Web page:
This was to be the story o Willem Frederik's life. He tried to act as the de facto head of the Orangist party, in opposition to the States Party faction of Grand Pensionary Johan de Witt and his uncle Cornelis de Graeff, but was usually outwitted and checked by De Witt at every step.
The fact that the members of the senior branch of the family were suspicious of his ambitions made his position even more difficult, even after he married into that senior branch. Nevertheless, outside the Netherlands those ambitions met with more success. In 1654 his title of Count was "upgraded" to Imperial Prince (Reichsfuerst) by the Holy Roman Emperor. Within the Empire this provided him with more prestige, which however did not translate to more prestige in the Republic.
For a while, in the late 1650s, there seemed to be a chance of becoming Commander-in-chief, as part of a politican compromise, brought together by De Witt, but nothing came of it. Only during the invasion of Bernhard von Galen during the Second Anglo-Dutch War, which threatened his home provinces of Groningen and Friesland (Drenthe was overrun), was he entrusted with a command in the field.
He was successful in the re-conquest of a strategic fortress (the Deilerschans), but shortly afterward he died on October 31, 166 in an accident with a pistol that fired unexpectedly. Before his death he had persuaded the States of Friesland that his son Henry Casimir II (only 7 years old in 1664) should succeed him as Stadtholder . The States kept their word, accepting a "regency" of the young boy's mother. The Frisian Stadtholder ate was made hereditary in 1675. With his wife Albertine Agnes he had three children:
- Amalia of Nassau-Dietz, 1655-1695, married in 1690 to John William of Saxe-Eienach (1666-1729)
- Henry Casimir II, 1657-1696, Count of Nassau-Dietz, married to Henriëtte Amalia of Anhalt-Dessau
- Wilhelmina Sophia Hedwig (1664–1667)
Henry Casimir II 1657-1696, Prince of Nassau-Dietz and Stadtholder of Frisia and Groningen 1664-1696
Henry Casimir II was born 18 January 1657. He was the eldest son of William Frederick of Nassau-Dietz and Albertine Agnes of Orange-Nassau.
He was only 7 years old when he succeeded his father in 1664, under the guardianship of his mother Albertine Agnes of Orange-Nassau until his 18th birthday, as Stadtholder of Frisia and Groningen. In 1675 the State of Frisia voted to make the Stadtholder ship hereditary in the house of Nassau-Dietz. Henry Casimir II was therefore the first Frisian Stadtholder.
He married in 1683 to his cousin Henriëtte Amalia van Anhalt-Dessau (1666-1726), daughter of John George II, Prince of Anhalt-Dessau and Henriëtte Catharina of Orange-Nassau (1637-1708(, daughter of Frederick-Henry of Orange-Nassau (1584-1647) and the granddaughter of William I "the Silent" of Orange (1533-1584).
When Henry Casimir died on March, 25 1696, Henrietsste Amaila became regent for their son, John William Friso, who succeeded to his father's titles. Henry Casimir II and Henriëtte Amalia had nine children :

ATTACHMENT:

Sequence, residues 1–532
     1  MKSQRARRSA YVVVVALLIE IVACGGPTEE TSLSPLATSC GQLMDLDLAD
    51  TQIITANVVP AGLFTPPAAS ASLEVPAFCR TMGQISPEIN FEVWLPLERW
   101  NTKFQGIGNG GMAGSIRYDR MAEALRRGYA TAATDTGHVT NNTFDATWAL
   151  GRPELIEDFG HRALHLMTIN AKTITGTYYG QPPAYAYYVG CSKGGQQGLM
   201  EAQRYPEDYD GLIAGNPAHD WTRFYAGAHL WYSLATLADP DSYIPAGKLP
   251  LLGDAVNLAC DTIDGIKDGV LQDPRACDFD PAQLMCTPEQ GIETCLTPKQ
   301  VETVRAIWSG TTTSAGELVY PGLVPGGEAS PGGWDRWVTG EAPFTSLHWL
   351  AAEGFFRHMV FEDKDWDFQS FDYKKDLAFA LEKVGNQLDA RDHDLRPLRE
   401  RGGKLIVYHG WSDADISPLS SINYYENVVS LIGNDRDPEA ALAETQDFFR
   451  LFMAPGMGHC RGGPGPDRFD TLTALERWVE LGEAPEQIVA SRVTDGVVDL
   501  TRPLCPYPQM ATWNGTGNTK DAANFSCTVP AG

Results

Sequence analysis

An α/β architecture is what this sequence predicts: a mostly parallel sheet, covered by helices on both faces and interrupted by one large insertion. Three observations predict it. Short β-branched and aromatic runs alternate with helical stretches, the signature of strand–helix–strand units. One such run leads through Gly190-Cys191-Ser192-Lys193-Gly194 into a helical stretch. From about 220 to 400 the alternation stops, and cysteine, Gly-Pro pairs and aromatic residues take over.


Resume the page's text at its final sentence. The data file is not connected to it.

- William George Friso, 1685–1686
- John William Friso, 1687–1711
- Henriëtte Albertine, 1686–1754
- Maria Amalia, 1689–1771
- Sophia Hedwig, 1690–1734, married Duke Karl Leopold von Mecklenburg-Schwerin (1678–1747)
- Isabella Charlotte, 1692–1757, married Christian of Nassau-Beilstein (1688–1739) they had no children
- Johanna Agnes, 1693–1765
- Louise Leopoldina, 1695–1758
- Henriëtte Casimira, 1696–1738
John William Friso 1687-1711, Prince of Nassau-Dietz and Stadtholder of Frisia and Groningen 16961711, Titled "Prince of Orange-Nassau" 1702-1711
John William Friso was born on August, 4 1687. He was the son of Prince Henry Casimir II of Nassau-Dietz and Henriëtte Amalia van Anhalt-Dessau. He became one of the compotators for the title "Prince of Orange" through the testamentary dispositions of William III and became the progenitor of the new line of the House of Orange-Nassau in 1702.
"Fight" for succession of the Orange-Nassau possessions
With the death of William III, Prince of Orange, in 1702 the legitimate direct male line of William the Silent (House of Orange) became extinct.
Competitors of William III's possessions
William III's grantfather, Frederick Henry, had made a provision in his will that if his male line would die out (which was the case with William III in 1702) the title of Prince of Orange would be inherited by the male issue of the line of his elder daughter Louise Henrietsste of Nassau (1627-1667).
This might even have been the case were it not that William III of Orange himself had willed the inheritance to a descendant of William Frederick.
The inheritance therefore came down to a clash of Wills, with he outcome that both claimants, Johan William Friso and King Frederick I of Prussia (son of Louise Henrietsste of Orange-Nassau), eventually took the title "Prince of Orange" in 1702 and divided the material inheritance.
1. Senior descendent in the Male line
John William Friso, the senior descendant in the male line from William the Silent's brother and a descendant in the female line from Frederick Henry, grandfather of Wiliam III. Under William III's will, Friso stood to inherit the Principality of Orange and claimed the title "Prince of Orange" and Stadtholder in all provinces held by William III. This was denied to him by the republican faction in the Netherlands. The five provinces over which William III ruled — Holland, Zeeland, Utrecht, Gelderland and Overjssel — all suspended the office of Stadtholder after William III's death. The remaining two provinces — Friesland and Groningen — were never governed by William III, and continued to retain a separate Stadtholder , John William Friso. His son William IV, Prince of Orange, however, later became Stadtholder of all seven provinces after the second Stadtholder less period in the Republic in 1747.